The Agenda: Has Warren Gatland lost the plot?

Mark Smith explains why Warren Gatland's Welsh-heavy Lions selection puts Australia in the driving seat for Saturday's series decider

David Rogers/Getty Images British & Irish Lions head coach Warren Gatland
British & Irish Lions head coach Warren Gatland

In times of heightened pressure the natural inclination is to return to what you know. That can be the only possible explanation for Warren Gatland’s British and Irish Lions selection for Saturday’s series decider in Sydney.

Appointing an active coach of one of the four home nations was always a short-sighted move with inevitable allegations of parochialism somewhere along the line, and so it has proved as the Wales boss packed out his starting XV with 10 of his own.

Managerial careers are defined on such decisions. Just ask Ruud Gullit. For Alan Shearer read Brian O’Driscoll, a Lion to his core and far too modest to kick up a stink about being left out of the game the world is watching.

The Irish centre has been hung out to dry following last Saturday’s one-point loss in Melbourne. Inexplicably so, given a career and a tour in which he has contributed incalculably.

In his place comes Jamie Roberts, the giant doctor. As honest a player as the day is long, his straight running lines and defensive discipline have earned him a mega-money deal at French club, Racing Metro. No problem in that, but his inclusion in Sydney represents a mindset that has all the artistry of a flat-pack wardrobe in a magnolia bunker with no windows.

David Rogers/Getty Images Jamie Roberts looks on during a British and Irish Lions training session
Jamie Roberts looks on during a British and Irish Lions training session

So, one-out rugby it is then. A battle of the bulk, Gatland style. Bash, bash and bash again.

There are similar themes throughout the selection, and if you are Scottish you might as well not have bothered getting on the plane.

The sole concession to Caledonian possibility is Richie Gray’s presence on the bench and, even after a flacid night of scrummaging in Melbourne, Ryan Grant is left sitting in the stand as Euan Murray watches at home on TV.

Sure, there are changes to the front row, and in Alex Corbisiero Gatland has at least made the right call. The English loosehead, bizarrely missing from the original tour party, should avoid the barrage of penalties conceded by greenhorn countryman Mako Vunipola last time round.

In an era of test rugby where penalties are the principal currency it is a sensible selection, although the preference of Richard Hibbard for Tom Youngs at hooker further blunts the breakdown options of a side pinning all of its hopes on winning the collision. In many respects it is a bold move, and Gatland has at least been true to his beliefs. Had he conceded to popular opinion and opened up the game it would not have truly been his team. If it works he is a genius, and stranger things have happened.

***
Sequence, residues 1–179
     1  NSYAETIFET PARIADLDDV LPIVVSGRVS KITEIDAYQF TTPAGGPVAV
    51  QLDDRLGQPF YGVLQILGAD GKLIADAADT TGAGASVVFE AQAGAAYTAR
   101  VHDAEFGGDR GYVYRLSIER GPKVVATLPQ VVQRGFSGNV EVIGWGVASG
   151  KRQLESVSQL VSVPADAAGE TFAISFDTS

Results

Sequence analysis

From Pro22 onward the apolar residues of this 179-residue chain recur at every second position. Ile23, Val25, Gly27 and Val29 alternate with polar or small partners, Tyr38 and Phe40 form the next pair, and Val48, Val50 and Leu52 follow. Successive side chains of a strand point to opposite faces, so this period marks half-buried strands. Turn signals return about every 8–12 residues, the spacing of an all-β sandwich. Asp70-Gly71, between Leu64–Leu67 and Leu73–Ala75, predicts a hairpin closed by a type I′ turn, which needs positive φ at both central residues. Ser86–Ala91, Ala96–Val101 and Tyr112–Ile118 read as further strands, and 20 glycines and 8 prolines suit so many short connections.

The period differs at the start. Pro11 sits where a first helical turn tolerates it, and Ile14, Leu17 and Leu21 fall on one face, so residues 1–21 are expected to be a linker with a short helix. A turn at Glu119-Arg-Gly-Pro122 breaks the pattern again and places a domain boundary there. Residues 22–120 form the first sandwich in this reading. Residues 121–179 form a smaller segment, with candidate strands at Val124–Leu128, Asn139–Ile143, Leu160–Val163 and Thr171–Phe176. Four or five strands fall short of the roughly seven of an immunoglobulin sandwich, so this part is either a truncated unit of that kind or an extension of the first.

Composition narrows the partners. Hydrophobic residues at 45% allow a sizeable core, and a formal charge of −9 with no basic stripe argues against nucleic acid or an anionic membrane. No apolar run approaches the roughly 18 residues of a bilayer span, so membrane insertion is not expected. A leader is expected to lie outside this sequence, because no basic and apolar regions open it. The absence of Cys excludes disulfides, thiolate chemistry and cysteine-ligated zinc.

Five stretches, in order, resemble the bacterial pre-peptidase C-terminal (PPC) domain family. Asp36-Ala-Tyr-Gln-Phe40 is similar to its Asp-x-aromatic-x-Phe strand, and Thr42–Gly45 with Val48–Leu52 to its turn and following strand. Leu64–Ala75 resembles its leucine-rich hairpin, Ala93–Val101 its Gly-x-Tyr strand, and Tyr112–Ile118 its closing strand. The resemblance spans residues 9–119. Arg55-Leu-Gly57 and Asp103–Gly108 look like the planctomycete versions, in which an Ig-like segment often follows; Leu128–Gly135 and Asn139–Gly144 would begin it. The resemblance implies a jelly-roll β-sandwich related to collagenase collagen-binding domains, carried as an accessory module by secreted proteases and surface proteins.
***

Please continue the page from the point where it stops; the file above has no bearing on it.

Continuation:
Certainly, his recalling of Mike Phillips at scrum-half makes sense. In a framework of back-row running and minimal expansion the Bayonne No 9 fits the bill perfectly – sniping, directing and playing the game in inches rather than miles.

He is no answer to Australian fulcrum Will Genia, but then who in world rugby is? At fly-half Jonny Sexton’s retention can go down as a no-brainer given the alternatives, or lack thereof. A fit and willing Jonny Wilkinson would walk into this side but, with mind and matter both frazzled after a 10-month French domestic season, the World Cup winner remains on the Riviera.

Stu Forster/Getty Images British & Irish Lions head coach Warren Gatland
British & Irish Lions head coach Warren Gatland

Owen Farrell’s chief contribution comes with the kicking tee, and while his inclusion on the bench is therefore a sensible one the presence of Leigh Halfpenny at full-back renders the Saracen surplus to requirements for the starting XV.

Given the Welsh weighting elsewhere in the side, Gatland’s decision to prefer Sean O’Brien at open-side to Justin Tipuric is a head-scratcher. Especially so, given the expectation that Australia will turn to veteran fetcher George Smith when their team is announced today.

Once again it is a case of bulk over dynamism, and when it comes to the coach’s ‘my way or the highway’ mentality there is little doubt that the road in question is route one.

The Kiwi has pinned his hopes entirely on brute force, and poor old Tom Croft must be sat there wondering what he has done wrong. The Leicester flanker is the perfect fit for a current England mould where flight-of-foot carries equal importance in the back-row version of Top Trumps, but in the Lions’ biggest game he is left looking on from the periphery.

One of many sent into the shadows, he will wear his blazer and be among the many clapping out the players in one of the most contentious team selections in recent memory – contentious perhaps the wrong word, given the virtual unanimity of the condemnation.

Unless you are from Wales, if you lick your finger and stick it up in the air it feels like the rugby wind is blowing increasingly in the direction of a series defeat. Four nations united as one? It hardly seems so.

British and Irish Lions: Leigh Halfpenny (Wales), Tommy Bowe (Ireland), Jonathan Davies (Wales), Jamie Roberts (Wales), George North (Wales), Jonathan Sexton (Ireland), Mike Phillips (Wales), Alex Corbisiero (England), Richard Hibbard (Wales), Adam Jones (Wales), Alun Wyn Jones (captain, Wales), Geoff Parling (England), Dan Lydiate (Wales), Sean O’Brien (Ireland), Toby Faletau (Wales). Replacements: Tom Youngs (England), Mako Vunipola (England), Dan Cole (England), Richie Gray (Scotland), Justin Tipuric (Wales), Conor Murray (Ireland), Owen Farrell (England), Manu Tuilagi (England).


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